ALBANY, N.Y. (WIVB/AP) - Late Thursday night, the NYS Assembly began passing bills that make up the $135 billion 2013 budget.
The Senate approved the governor's budget the day before. But it has had some trouble passing through the Assembly, as minority Republicans introduce additional amendments that are certain to fail in the Democrat-led chamber. One of those amendments dealt with funding for the developmentally disabled in New York.
The budget cuts $90 million in funding, for programs and agencies that serve the developmentally disabled, despite an impassionate last-minute attempt to thwart those cuts.
Republicans joined with some Democrats Thursday to bring an amendment that would have restored the $90 million. But it was voted down by the Assembly's Democratic majority.
Speaking in Albany just after the vote, Assembly Minority Leader Brian Kolb (R) said, "The fact that we are making a $90 million cut to the developmentally disabled in this state is unacceptable, and should never have been part of this budget agreement."
Officials argue it leaves the state's most vulnerable population, even more vulnerable. That money pays for their health care services; transportation to and from work, school, or day-hab; and education and job-training programs.
As Rhonda Frederick, Chief Operating Officer of People Inc. and President of the Developmental Disabilities Alliance of WNY, points out, "The things that we so much take for granted, people with developmental disabilities need those supports, need our help to do that."
"This will be devastating."
Frederick says now the disabled may be stuck on a waiting list or lose those services altogether.
"For instance, a lot of individuals attend a program during the day, a 'day-habilitation program," Frederick explains. "They will likely not be able to go five days a week. They will likely be able to go a lesser amount of time. We have a large number of people in Western New York aging out of school, graduating, in June. They're not going to have a program to go to. And unfortunately, there are not enough competitive jobs for people [with developmental disabilities]; there are not enough job coaching... there's not these programs. Where will they go? What will they do?"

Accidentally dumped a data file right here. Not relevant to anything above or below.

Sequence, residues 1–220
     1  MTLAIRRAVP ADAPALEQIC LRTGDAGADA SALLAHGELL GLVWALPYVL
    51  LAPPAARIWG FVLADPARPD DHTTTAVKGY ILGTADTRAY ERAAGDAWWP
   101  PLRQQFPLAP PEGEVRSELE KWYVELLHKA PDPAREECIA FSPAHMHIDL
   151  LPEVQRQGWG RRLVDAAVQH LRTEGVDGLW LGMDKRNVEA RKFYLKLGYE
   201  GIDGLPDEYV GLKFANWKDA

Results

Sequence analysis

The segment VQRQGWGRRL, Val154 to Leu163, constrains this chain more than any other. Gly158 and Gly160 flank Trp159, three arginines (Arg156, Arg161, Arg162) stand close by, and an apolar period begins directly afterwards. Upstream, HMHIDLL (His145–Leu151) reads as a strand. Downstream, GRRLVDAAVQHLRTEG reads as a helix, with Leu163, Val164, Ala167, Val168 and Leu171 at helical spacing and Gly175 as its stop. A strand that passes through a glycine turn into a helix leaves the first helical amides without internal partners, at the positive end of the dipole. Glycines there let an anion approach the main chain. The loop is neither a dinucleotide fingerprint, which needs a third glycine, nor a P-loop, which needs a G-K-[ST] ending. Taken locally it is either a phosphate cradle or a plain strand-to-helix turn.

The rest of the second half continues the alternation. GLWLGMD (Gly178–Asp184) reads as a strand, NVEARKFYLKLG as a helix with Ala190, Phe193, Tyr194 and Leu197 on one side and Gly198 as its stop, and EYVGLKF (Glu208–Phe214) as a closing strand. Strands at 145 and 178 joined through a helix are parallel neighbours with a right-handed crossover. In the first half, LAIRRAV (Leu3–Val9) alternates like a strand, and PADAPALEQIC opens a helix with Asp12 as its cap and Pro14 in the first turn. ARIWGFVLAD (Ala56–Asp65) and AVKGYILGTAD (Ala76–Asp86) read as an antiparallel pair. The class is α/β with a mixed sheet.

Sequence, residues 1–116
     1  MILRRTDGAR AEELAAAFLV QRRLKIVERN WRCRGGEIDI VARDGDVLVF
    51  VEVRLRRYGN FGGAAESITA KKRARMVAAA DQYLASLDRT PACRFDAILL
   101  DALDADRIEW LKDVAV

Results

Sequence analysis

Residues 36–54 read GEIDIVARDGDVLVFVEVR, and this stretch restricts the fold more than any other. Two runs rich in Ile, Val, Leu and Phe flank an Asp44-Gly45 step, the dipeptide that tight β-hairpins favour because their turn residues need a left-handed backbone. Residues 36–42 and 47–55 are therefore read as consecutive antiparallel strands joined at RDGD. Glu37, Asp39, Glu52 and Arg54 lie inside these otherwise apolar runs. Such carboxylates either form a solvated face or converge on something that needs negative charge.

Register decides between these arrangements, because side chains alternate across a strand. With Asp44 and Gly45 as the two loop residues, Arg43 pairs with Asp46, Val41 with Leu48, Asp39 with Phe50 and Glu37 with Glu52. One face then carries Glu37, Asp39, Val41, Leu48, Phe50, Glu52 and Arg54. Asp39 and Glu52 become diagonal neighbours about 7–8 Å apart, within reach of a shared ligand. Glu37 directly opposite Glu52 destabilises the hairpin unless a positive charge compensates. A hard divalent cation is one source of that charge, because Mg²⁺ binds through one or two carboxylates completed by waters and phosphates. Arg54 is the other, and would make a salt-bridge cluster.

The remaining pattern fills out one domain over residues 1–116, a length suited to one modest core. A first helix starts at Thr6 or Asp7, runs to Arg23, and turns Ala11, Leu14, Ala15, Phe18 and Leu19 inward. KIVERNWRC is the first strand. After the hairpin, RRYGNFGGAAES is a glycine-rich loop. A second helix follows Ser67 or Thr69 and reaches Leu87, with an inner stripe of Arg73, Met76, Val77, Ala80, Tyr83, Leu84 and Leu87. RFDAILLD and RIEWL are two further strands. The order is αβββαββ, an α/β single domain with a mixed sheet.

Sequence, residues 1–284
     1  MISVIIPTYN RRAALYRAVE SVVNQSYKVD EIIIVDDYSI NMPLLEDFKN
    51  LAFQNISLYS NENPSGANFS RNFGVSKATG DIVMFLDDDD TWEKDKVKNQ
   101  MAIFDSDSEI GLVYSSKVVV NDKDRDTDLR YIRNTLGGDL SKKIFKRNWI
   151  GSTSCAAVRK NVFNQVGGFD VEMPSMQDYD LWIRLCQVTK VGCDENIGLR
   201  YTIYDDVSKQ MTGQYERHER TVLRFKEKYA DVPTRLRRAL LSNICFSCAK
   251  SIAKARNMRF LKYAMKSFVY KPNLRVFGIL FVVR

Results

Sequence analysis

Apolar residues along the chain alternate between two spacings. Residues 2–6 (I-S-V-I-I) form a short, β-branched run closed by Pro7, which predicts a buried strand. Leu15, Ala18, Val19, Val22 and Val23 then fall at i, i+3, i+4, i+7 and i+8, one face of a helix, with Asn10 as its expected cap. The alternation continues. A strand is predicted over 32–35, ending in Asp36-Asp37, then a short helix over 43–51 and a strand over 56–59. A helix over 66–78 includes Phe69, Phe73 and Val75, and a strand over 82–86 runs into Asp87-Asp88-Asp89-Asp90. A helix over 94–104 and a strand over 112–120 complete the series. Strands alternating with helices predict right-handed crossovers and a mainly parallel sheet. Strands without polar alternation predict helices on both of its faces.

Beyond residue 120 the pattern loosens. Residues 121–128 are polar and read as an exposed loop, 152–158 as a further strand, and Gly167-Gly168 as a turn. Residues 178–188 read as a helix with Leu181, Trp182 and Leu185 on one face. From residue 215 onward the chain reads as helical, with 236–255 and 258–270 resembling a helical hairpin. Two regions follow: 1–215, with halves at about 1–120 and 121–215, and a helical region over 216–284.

Agencies that help the developmentally disabled employ 15,000 people in Western New York. Because of these cuts, as many as 900 of those people could lose their jobs.
They are not the only ones who will feel a negative economic impact. If the developmentally disabled do not have programs to attend, family members may have to give up their full-time jobs to stay home, and care for them.
"It trickles down," says Frederick.
The lawmakers who tried to pass the amendment and restore the funding assailed the budget for taking from the needy, while giving to others. Some attacked the $420 million in tax credits set aside in the budget to subsidize movie and TV productions, and the $54 million New York State has committed for the renovation of Ralph Wilson Stadium.
"Whoever negotiated these cuts has never struggled with the pain of watching a child with disabilities," said Republican Assemblyman Bill Nojay, from Monroe County.
"I want to know why the state of New York is making is making an attack on people with disabilities," said Assemblyman Tom Abinanti, a Westchester County Democrat whose son is autistic.
And Long Island Assembly Harvey Weisenberg, whose disabled son needs intensive care, cried, "Where are our values? We cannot let dollars be more important than people!"
Their cries were followed by a rare standing ovation, and hugs by colleagues for Weisenberg, who was in tears.
Republican Assemblyman John Ceretto, of Lewiston, vowed that the fight is not over. His daughter was born with speech and hearing problems, and was a beneficiary of some of the services the 2013 budget will cut.
"We must continue this fight to restore those funds," Ceretto said outside Assembly chambers in Albany. "I promise you, that I will fight for the developmentally disabled. I won't forget you. I'm going to do my best... to get the restoration of those funds."
"It seems absolutely unconscionable. It seems that the Governor could not budge, could not understand, did not see the value in restoring that money," Frederick says.
Kolb added, "And this is just one example where, budgets that are negotiated behind closed doors don't necessarily bring the best outcomes for the people that we're supposed to serve in New York State. We need to have a better budget process; we need to have a better budget outcome."
Police say they had the wrong man, and that Jerome Thagard, who spent four years in prison, didn't murder Steven Northrup in 2009. But the victim's family says otherwise.
A Good Samaritan died Wednesday while trying to assist the driver of a tractor trailer who got stuck in the snow.
A 26-year-old male employee of Ying's Wings and Things told police that Haibo Jiang, also known as Jimmy Ying, choked him until he passed out.
Investigators are making progress in the case of a Chihuahua thrown in a ditch while zipped up in a Coors Light thermal bag.
A registered nurse from Lockport has admitted concealing her knowledge of her boyfriend's drug dealing activities.
Intense Lake Snow Weakens Tonight; Strengthens & Shifts N Thur PM